The Pittsburgh Penguins got a new director of player development Friday, when Tom Kostopoulos moved into that role after Scott Young agreed to become Vancouver’s director of player personnel.
It is, of course, far too early to know how Kostopoulos will do in that job but, by at least one metric, he can’t have much less success than Young.
Of the 25 players drafted immediately before and during the time Young oversaw player development, a role he assumed in July, 2017, only three have skated so much as a shift in the NHL.
That trio has logged a total of 20 man-games at this level, only two — count ’em, two — of which have been with the Penguins.
Valtteri Puustinen and Filip Hallander have appeared in a game here, while Calen Addison has played 18 for Minnesota since going to the Wild in the Jason Zucker trade.
It would, however, be neither fair nor accurate to hold Young solely — or even primarily — responsible for the dearth of prospects who have contributed to the parent club in recent years.
After all, the Pittsburgh Penguins have consistently traded away early-round draft picks for the sake of short-term upgrades to their major-league roster. Indeed, Sam Poulin, taken 21st overall in 2019, is their only first-round selection in the past seven drafts.
The professional potential of the players they draft obviously has the greatest significance, because it’s only logical those drafted in the middle and later rounds are less likely to reach the NHL and generally need more time to fully realize their promise.
What’s more, with prospects scattered in leagues across North America and Europe and a player-development staff with only a handful of members, the tutelage players receive on a daily basis from their coaches figures to have far more impact than anything they pick up during occasional contact with anyone from the Penguins.
So no, Scott Young should not be scapegoated for the nominal contributions the Penguins have gotten from their selections in the past five drafts. He’s not the one who traded away most of their first-round draft choices during that time, and he didn’t choose the players they did draft.
No matter how dedicated and capable the members of a development staff are, they can’t be expected to transform players who lack legitimate NHL potential into regular members of the major-league roster.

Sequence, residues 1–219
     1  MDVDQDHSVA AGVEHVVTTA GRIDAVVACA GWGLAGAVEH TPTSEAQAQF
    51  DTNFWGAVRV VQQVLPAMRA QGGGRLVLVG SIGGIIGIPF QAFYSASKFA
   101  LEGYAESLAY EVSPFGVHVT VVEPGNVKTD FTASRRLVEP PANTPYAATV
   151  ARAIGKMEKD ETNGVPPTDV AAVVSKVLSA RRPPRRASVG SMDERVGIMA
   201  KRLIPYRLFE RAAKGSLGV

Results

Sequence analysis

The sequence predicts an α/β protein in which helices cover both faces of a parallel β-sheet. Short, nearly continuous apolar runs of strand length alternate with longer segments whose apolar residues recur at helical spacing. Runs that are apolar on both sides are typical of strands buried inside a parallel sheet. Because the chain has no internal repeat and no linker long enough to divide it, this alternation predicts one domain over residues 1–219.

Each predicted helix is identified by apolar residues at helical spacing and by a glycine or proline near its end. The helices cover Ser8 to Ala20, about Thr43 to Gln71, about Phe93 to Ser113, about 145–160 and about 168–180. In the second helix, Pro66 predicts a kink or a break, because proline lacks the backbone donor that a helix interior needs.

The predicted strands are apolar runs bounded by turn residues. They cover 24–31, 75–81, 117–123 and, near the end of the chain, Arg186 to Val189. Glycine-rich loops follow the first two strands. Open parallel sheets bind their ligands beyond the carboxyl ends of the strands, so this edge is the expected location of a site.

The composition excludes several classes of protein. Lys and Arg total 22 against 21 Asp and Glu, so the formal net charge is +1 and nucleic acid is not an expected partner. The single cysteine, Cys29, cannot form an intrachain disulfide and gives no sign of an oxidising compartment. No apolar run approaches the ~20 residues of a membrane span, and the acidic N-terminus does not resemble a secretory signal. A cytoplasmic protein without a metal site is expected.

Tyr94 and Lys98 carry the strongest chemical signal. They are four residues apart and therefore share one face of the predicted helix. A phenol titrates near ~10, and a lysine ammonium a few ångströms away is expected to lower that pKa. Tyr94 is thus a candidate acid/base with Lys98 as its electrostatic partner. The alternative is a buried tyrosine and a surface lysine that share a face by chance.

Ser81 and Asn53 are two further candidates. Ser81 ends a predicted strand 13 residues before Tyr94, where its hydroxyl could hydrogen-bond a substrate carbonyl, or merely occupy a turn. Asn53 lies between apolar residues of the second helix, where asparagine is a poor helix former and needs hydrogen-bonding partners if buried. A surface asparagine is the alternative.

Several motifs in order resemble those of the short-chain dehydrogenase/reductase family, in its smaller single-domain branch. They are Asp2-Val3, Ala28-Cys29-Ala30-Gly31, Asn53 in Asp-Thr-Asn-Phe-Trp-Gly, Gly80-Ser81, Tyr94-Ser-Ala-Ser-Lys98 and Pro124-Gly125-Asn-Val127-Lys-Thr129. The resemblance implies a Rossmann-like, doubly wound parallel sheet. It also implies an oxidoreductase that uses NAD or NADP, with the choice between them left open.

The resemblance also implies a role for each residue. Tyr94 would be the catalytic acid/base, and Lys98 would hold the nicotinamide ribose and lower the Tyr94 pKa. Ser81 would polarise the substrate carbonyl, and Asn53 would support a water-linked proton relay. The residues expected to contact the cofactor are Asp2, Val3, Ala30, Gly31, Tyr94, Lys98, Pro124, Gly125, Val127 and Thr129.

They can help to exorcise flaws from prospects’ games and prod them to become the best players possible, but aren’t going to infuse prospects with the abilities and intangibles required to reach the NHL if those qualities simply aren’t present.
While expanding the player-development staff couldn’t hurt, the obvious way to get more quality young talent into the Pittsburgh Penguins’ pipeline is to retain more early-round draft choices, and to use them wisely.
Of course, that is at cross-purposes with management’s oft-stated objective to continue trying to assemble a club capable of contending for another Stanley Cup; the Penguins already have traded their second- and third-rounders in this year’s draft, set for July 7-8 in Montreal, and their No. 3 in 2023.
Trouble is, it simply isn’t possible to emphasize enhancing a team’s present and its future at the same time. Try to do both simultaneously, and it’s a safe bet that you won’t really do either.
Bottom line: Given management’s win-now approach for the past decade-and-a-half, the paucity of good young talent in the organization is completely predictable … and has given their player-development staff a near-impossible challenge.
Simply changing the guy who leads that group — especially when the move wasn’t made because of any dissatisfaction with Young’s performance — isn’t going to change the results. That won’t happen until the front office makes prospect procurement more of a priority.